Good Friday in lockdown was a time to be alive and on a bicycle. Without even the supermarkets as an excusefor anyone to get in the car and drive somewhere, the roads were gloriously clear. Clear enough to carve big gentle curvess with worrying. People, too, were actually walking on the road in some places, but there was plenty of space for everyone.
When it ends we will, a friend of mine observed, miss these human-friendly spaces that have suddenly opened up for us.
Or maybe not. Perhaps things will change because they have to. Associate Transport Minister Julie Anne Genter has announced new funding – immediately available to local authorities, but relevant at such time as Alert Level 4 ends – to quickly expand footpaths and roll out temporary new bike lanes. These won't be the endless "upgrade" works we currently see in the cities, but quick solutions wrought with planter boxes, sticks and cones.
There are obvious reasons for this. Even if, as everyone hopes, we're able to drop back to a Level 3 Covid-19 alert status, we'll still want to be able to achieve physical distancing in public. Some people might see riding a bike as preferable to being cooped inside a bus or a train. There still won't be as many places drive to as we're used to.
There's also another issue I'm seeing quite a few people talk about – the paths that walkers and riders are usually expected to share are often not wide enough to provide for proper distancing, especially given the additional demand on them now.
We may well start to wonder about how we've designed our cities, with with people – who in central-city Auckland make more than half a million walking trips a day, a number that dwarfs vehicle journeys – almost always squeezed into thin strips along the sides of wide corridors of danger. Somehow, we've managed to make these corridors of danger the central facet of the places we live, and to give them most of the available public space.
Maybe we'll finally pedestrianise central Auckland. Or we'll eliminate the danger of powered scooters injuring people by making separate spaces for them, or expanding the space in which they can operate. At the least, I expect we'll hear fewer complaints that the new footpaths being built as part of the current K Road upgrade are unecessarily wide.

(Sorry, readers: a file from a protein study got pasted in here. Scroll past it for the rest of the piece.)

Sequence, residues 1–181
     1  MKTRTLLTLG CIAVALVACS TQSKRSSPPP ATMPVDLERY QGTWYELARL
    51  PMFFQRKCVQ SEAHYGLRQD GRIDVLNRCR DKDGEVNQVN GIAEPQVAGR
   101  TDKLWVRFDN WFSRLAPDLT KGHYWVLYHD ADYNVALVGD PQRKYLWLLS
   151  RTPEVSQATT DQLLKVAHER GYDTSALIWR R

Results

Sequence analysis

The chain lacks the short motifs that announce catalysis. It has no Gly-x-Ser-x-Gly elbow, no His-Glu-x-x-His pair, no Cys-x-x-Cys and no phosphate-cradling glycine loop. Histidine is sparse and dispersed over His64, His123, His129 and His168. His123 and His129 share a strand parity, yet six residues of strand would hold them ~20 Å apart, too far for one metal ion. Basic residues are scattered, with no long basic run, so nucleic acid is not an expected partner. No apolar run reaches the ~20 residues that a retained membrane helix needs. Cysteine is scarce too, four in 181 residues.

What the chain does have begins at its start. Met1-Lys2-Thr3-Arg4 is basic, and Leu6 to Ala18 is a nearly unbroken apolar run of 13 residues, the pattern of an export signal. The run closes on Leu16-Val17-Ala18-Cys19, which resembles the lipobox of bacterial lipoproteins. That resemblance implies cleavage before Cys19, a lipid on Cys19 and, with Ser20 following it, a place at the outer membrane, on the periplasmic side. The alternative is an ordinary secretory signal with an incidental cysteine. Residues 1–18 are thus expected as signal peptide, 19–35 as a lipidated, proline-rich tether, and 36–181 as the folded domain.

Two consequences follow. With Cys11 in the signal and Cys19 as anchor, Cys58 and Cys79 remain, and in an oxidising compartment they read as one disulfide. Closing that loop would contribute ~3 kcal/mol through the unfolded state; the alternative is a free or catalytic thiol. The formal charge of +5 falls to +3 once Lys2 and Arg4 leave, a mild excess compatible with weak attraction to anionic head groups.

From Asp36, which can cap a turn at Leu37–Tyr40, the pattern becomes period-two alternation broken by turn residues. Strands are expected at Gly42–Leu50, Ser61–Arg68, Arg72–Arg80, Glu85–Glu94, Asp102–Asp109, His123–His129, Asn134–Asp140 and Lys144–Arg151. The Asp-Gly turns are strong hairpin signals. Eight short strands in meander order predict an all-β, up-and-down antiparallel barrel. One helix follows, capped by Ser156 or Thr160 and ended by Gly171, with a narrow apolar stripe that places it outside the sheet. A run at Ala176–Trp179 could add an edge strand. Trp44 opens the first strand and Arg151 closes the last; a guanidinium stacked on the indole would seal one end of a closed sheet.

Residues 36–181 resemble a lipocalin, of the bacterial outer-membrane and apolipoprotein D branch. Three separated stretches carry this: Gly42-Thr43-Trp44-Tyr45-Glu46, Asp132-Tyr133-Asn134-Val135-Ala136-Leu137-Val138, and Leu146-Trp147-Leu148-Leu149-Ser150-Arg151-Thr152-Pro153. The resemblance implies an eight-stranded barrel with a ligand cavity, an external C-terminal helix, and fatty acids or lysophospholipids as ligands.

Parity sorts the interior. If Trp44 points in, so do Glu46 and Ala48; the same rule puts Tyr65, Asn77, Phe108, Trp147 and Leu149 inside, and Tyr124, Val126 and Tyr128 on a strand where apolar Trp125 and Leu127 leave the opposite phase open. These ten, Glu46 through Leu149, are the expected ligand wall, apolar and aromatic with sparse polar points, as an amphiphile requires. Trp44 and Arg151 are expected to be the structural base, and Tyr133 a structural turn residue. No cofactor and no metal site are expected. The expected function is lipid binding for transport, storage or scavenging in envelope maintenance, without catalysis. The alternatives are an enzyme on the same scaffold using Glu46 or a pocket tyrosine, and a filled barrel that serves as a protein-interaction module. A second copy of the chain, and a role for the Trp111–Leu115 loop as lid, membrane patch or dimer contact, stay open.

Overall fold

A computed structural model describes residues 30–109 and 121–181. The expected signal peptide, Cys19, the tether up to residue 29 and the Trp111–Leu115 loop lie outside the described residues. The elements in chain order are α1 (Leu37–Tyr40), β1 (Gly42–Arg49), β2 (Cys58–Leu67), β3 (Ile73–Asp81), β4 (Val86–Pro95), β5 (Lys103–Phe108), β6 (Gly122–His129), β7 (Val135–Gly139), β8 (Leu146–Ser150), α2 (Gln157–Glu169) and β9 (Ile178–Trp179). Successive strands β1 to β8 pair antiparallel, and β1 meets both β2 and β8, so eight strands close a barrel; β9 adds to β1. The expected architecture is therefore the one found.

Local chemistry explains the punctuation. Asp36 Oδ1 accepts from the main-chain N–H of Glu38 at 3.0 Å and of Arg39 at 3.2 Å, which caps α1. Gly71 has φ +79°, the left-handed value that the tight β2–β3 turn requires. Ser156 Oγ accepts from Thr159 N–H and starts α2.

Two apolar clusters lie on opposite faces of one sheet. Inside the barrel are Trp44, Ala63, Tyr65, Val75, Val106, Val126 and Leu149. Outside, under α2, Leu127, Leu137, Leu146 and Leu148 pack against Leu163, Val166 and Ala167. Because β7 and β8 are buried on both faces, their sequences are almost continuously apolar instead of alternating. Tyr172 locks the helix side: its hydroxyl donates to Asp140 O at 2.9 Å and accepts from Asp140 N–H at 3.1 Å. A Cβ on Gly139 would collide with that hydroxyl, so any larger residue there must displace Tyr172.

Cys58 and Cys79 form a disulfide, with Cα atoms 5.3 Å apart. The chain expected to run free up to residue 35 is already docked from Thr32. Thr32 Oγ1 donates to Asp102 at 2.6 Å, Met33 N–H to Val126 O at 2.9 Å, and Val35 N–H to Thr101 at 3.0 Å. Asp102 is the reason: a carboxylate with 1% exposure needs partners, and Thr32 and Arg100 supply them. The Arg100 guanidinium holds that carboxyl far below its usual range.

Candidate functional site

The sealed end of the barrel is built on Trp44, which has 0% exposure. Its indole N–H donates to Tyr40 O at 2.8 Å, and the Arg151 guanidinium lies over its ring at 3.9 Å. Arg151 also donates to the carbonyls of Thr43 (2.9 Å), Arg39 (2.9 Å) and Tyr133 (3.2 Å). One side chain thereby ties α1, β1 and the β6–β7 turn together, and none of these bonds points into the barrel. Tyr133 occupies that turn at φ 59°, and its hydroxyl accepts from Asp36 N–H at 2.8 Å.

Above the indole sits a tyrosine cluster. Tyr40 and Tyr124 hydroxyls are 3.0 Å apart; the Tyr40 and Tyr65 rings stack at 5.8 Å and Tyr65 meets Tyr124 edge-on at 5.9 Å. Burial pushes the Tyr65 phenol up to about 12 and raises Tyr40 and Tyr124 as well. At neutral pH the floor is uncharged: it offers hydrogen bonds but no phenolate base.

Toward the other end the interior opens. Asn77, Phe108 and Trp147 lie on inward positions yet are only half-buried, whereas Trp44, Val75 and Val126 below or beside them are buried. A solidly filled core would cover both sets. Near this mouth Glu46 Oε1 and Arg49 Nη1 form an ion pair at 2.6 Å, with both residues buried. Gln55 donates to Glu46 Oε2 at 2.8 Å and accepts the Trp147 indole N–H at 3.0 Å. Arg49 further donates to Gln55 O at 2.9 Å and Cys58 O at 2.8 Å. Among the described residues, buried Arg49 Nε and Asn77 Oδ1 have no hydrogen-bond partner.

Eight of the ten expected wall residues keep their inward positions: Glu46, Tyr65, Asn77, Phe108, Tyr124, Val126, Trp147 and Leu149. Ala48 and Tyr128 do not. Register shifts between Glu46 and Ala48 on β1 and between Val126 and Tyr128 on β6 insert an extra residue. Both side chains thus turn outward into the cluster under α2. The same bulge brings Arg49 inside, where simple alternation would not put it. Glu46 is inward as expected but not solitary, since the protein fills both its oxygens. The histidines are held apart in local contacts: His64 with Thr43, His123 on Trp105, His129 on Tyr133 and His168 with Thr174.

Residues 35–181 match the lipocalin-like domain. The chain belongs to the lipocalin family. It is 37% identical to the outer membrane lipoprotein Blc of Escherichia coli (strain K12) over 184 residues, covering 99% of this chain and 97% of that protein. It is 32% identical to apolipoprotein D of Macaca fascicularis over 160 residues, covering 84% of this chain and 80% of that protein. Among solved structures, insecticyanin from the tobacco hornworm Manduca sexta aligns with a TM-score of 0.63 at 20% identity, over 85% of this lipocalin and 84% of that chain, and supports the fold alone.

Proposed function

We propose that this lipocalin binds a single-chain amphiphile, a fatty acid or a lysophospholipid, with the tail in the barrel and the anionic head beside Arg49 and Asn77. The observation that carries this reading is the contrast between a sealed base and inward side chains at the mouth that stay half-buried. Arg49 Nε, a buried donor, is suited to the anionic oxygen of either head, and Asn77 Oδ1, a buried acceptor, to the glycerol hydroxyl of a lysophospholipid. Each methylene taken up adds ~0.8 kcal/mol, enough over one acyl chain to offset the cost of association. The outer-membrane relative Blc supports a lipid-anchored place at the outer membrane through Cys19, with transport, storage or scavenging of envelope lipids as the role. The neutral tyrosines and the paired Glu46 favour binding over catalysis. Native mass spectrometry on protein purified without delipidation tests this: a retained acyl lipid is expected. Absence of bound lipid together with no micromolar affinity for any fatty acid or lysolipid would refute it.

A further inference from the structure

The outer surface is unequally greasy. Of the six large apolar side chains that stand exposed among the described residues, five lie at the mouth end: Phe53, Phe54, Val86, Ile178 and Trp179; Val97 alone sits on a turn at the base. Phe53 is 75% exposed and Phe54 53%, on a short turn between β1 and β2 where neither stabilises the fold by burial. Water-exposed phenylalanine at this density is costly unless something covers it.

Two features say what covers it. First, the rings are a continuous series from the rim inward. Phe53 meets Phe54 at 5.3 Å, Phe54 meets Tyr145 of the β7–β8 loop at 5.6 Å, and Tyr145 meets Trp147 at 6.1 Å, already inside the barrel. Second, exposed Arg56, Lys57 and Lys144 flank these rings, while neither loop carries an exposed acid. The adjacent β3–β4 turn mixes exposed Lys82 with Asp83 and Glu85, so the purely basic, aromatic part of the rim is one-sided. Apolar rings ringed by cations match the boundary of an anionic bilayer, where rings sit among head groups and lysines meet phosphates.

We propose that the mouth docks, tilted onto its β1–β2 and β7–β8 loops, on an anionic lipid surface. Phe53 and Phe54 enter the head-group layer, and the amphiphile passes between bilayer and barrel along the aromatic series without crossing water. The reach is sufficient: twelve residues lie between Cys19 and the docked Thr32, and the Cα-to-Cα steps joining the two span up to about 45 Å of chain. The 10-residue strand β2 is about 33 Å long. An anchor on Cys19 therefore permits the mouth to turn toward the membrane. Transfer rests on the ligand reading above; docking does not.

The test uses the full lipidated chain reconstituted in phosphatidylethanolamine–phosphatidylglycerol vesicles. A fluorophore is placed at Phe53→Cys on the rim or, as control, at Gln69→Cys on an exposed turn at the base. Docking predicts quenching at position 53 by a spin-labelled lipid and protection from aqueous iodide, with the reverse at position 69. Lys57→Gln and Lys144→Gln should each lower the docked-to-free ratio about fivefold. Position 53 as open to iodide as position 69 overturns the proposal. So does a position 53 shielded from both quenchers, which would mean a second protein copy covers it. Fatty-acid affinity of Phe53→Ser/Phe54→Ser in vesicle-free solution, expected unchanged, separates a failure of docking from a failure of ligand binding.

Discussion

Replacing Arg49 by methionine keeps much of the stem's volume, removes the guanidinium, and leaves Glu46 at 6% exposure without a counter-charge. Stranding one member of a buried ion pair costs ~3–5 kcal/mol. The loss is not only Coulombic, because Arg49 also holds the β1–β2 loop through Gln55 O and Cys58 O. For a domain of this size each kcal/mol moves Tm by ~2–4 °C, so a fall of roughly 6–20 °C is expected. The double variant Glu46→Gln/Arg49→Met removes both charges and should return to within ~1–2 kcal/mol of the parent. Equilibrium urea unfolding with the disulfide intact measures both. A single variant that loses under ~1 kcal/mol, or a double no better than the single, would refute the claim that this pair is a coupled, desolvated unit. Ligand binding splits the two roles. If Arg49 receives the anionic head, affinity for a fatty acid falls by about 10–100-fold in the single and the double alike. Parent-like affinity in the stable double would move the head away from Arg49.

I am wary of the perils of seizing on the current crisis as a signal that the time for our respective causes has come (yes, I hear you, UBI folk, and I promise I'll read your post on Medium soon). But sometimes a crisis makes sensible ideas look not just compelling but inevitable.
These instant news spaces are an idea being adopted in cities all over the world: in Berlin, Vancouver, Minneapolis, Denver, Sydney, Budapest and Bogota. Experts are urging governments and city authorities to urgently fund cycleways, not least because bikes are really good in urban emergencies (I've always felt the absence of bicycles is a major flaw in the dystopia of The Walking Dead).
It may be that this charge towards greater human human spaces will stick; that the outsize spatial ratio in the motor car's favour will be permanently corrected. That might see other benefits. Less than a week in our lockdown NIWA scientists announced that air quality in Auckland had "dramatically improved". It's not realistic to suppose that cars won't return to the roads after our social restrictions are eased – most of us who ride or walk also drive sometimes, after all – but it might just be that in seeking to curb the virus we'll end up curbing the emissions that contribute to an even more serious long-term problem.
It might also be that the new behaviour we're seeing from city drivers –some of whom do seem to be driving slower and watching out better – will persist beyond the lockdown days. That might be the most prodigious and surprising change of all.